For instance, at Linden Hills, Winter struck up an informal partnership with a woodworker at an adjacent stall. He needed something to demonstrate proper chopstick use for customers, so she offered a few potsticker morsels. In exchange, he offered some advice about Mill City’s winter market, an expansion target for Winter. With customers engaged by the demonstration, sales spiked at both booths. More serendipity: Mill City’s manager, on the hunt for new vendors, stopped by Winter’s booth.

Tammy’s Sammys

Tammy Thompson started Tammy’s Sammys, a pop-up restaurant that specializes in fresh sliders, after ending a two-decade career in the real estate business. With little startup capital, a restaurant or food truck was out of the question. So Thompson gathered together some cooking equipment and rented a stall at Linden Hills, where she immediately forged fruitful connections.

“I’m a social junkie,” she explains. “The market offers a unique opportunity for me to meet new people and share what I have to offer.”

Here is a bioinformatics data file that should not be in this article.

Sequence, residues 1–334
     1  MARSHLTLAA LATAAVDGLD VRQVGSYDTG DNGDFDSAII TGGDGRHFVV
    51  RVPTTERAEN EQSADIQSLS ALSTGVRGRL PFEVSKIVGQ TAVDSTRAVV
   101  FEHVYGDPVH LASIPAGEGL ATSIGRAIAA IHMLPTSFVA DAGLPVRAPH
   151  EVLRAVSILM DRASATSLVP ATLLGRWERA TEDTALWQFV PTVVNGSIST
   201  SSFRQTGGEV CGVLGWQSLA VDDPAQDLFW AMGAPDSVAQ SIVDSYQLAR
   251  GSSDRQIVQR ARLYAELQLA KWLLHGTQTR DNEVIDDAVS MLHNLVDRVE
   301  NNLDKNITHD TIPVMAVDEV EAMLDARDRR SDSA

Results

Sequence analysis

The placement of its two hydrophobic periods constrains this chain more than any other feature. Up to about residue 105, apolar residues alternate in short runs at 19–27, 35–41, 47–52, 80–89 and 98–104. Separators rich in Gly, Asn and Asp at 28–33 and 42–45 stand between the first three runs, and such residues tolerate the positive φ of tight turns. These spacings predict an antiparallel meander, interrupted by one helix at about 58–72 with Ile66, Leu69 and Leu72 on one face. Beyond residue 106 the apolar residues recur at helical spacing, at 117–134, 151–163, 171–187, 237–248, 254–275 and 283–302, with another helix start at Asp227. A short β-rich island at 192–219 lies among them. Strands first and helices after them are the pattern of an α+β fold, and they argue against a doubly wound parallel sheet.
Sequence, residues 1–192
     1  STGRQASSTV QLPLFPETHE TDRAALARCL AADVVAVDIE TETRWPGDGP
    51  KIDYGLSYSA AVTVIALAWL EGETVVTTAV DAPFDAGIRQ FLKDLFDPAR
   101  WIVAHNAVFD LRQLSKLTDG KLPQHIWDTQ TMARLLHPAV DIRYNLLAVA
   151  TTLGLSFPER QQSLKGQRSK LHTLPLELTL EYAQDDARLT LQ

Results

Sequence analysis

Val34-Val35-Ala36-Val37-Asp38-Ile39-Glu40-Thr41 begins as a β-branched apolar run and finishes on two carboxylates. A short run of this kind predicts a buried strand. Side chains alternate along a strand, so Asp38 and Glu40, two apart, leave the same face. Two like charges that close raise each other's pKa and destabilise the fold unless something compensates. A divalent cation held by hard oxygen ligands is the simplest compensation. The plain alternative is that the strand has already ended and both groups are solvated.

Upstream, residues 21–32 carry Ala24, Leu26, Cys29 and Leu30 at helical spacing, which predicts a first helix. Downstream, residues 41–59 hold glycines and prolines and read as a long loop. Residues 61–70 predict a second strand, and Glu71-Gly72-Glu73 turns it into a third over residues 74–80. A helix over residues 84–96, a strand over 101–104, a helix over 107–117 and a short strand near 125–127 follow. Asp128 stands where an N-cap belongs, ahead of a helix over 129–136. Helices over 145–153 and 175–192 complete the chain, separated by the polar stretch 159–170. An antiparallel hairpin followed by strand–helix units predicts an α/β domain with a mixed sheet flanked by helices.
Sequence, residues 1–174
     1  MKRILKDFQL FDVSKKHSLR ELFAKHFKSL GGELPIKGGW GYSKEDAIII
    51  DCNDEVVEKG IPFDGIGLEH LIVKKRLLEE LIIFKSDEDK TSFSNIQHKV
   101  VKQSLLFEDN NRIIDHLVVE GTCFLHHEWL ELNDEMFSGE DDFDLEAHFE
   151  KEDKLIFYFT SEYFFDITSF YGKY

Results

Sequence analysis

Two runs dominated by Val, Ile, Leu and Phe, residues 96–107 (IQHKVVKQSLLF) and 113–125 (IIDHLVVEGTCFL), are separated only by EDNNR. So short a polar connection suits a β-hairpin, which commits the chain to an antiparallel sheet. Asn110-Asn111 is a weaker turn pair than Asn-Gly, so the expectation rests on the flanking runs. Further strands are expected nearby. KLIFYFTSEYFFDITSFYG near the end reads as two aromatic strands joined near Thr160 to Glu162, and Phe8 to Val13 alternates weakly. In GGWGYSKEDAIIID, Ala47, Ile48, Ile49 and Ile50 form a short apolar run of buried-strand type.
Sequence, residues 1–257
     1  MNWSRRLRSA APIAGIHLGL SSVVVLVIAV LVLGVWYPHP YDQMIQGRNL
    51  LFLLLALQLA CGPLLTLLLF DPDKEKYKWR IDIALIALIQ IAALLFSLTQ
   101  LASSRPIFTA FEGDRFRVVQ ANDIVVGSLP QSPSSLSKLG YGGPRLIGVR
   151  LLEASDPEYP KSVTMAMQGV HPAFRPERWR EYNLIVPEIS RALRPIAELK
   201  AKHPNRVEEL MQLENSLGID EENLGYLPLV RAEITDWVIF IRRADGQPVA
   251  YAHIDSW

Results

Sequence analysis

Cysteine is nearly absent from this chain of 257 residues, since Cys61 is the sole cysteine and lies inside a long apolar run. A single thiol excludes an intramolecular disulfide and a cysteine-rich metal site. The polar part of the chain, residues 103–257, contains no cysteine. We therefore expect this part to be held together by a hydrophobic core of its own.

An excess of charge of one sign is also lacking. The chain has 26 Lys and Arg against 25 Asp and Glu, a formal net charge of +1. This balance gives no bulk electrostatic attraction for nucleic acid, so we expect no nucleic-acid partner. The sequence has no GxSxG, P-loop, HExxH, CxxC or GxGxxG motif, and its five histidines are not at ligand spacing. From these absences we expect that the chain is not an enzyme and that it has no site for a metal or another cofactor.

Like Winter, Thompson values winter markets for promotion and networking. She’s lined up several catering clients — the bulk of her business — at Linden Hills. Sue Zellickson of Women Who Really Cook, an influential business development organization for female food entrepreneurs in the Twin Cities, caught wind of Thompson through Linden Hills. According to Zellickson, winter markets are the best place to find unheralded food entrepreneurs during the Twin Cities’ cold season.

Thompson isn’t exclusive to the Linden Hills market. She makes weekly or monthly taproom appearances at Fair State Brewing Cooperative, Insight Brewing Company and Northgate Brewing Company. These sessions are great for connecting with new retail customers, she says, but can’t rival the visibility and synergies of her market stall.